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Wednesday, 18 June 1902


Mr SALMON (Laanecoorie) -I am astonished at the attitude assumed by honorable members from New SouthWales, who admit that the system which was adopted there completely broke down.


Mr Watson - Only once. It proved satisfactory on the other occasion.


Mr SALMON - It broke down because the commissioners had no responsibility. No responsible Minister would dare to lay before this Chamber a plan of distribution which would provide for districts having electors varying in numbers from 9,000 to 15,000.

An Honorable Member. - That was done in Victoria.


Mr SALMON - In Victoria we did not aim at equal electorates. Our object was entirely different from that sought to be achieved in New South Wales. We endeavoured to preserve the relations which existed in the State Parliament between the town and country electorates, but in New South Wales the commissioners had a definite instruction to adopt the principle of equal electorates. The result of that definite instruction to irresponsible men was to bring about a disparity of 6,000 voters between two electorates, with a maximum of 15,000 votes. There is no complaint in Victoria to-day with regard to the distribution which took place in that State.


Mr Watson - Yes, there is. I have heard a number of men state that the country districts have had too much representation.


Mr SALMON - Will the honorable member believe me when I say that a complaint was made by the present Treasurer, who was then leader of the Opposition and of the metropolitan party in theVictorian Assembly, that the country had not sufficient representation ? Even though the statement of the honorable member for Bland was correct, I would point out that it was not the distribution that gave rise to complaints so much as the allotment, which introduced an element altogether foreign to that which we are discussing. We are not considering the relations between town and country electorates, but the question of appointing irresponsible commissioners to prepare a scheme for our consideration. I regret the timidity shown by the honorable member for Wentworth with regard to the good faith of members of this Parliament. " I hope the day is far distant when we shall have reason to be afraid of the honesty of those honorable members who sit on the Ministerial benches. Our greatest security lies in the fact that we can trust them to bring down a scheme of distribution. On the score of expense alone I object to the appointment of three commissioners, and I am opposed altogether to Parliament and the Government laying aside their responsibilities in the way proposed. One of our duties should be to see that our elections are managed in such a way as to insure the honesty, integrity, and purity of our representation, and we cannot discharge our obligations in this regard when we are afraid to trust each other. Honorable members may say that they have no suspicions themselves, but they are giving colour to the suspicions entertained by those people outside who are only too ready to point the finger of scorn at Members of Parliament. I always feel when an attack is made upon the honour of Parliament that my own personal honour is being assailed, and 1 resent any attempt that may be made to belittle Parliament, or to derogate from the dignity of a magnificent free institution. Above all, I am a firm believer in Ministerial responsibility, and if we are going to have government by commission, the sooner we appoint a committee to conduct our business and go to our homes the better it will be. I am prepared to adopt that course if honorable members say that they have no further confidence in the honour and integrity of Parliament. We shall make a mistake if we allow those who are in authority to shirk their responsibilities. The time available for doing all that is required in connexion with the division of the States into electoral districts will -be 'very short, and we may find ourselves landed in the same awkward position as was brought about- in New 39 l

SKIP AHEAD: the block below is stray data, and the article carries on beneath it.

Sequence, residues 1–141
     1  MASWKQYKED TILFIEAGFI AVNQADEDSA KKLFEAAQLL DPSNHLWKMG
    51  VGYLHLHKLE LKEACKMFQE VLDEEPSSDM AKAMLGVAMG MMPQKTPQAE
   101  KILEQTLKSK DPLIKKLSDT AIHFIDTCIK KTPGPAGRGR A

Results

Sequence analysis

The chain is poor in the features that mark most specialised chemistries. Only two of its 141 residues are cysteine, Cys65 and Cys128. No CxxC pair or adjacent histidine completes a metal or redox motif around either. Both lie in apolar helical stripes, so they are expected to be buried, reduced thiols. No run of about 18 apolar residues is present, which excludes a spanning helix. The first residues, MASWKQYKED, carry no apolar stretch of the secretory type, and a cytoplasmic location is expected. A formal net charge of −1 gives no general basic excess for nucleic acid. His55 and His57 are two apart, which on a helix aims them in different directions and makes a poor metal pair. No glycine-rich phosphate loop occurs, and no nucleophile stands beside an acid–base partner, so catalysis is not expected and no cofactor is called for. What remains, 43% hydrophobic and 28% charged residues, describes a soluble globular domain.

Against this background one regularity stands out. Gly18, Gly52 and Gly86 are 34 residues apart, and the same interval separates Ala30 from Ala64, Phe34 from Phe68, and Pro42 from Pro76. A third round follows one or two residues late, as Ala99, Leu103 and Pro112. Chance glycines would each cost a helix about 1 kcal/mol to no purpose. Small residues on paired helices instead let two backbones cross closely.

South Wales. The Government should instruct their officers to prepare a scheme, which should afterwards be carefully considered in Cabinet, and presented to Parliament with the Ministerial imprimatur. Then we should have an opportunity of considering a thoroughly fair and equitable scheme.


Sir William McMillan - The honorable member would make a party fight over it.


Mr SALMON - No ; there is no necessity for that. There could be a party fight only if honorable members were so base as to desire to take advantage of one another. I do not think any such state of affairs will arise in this Chamber.







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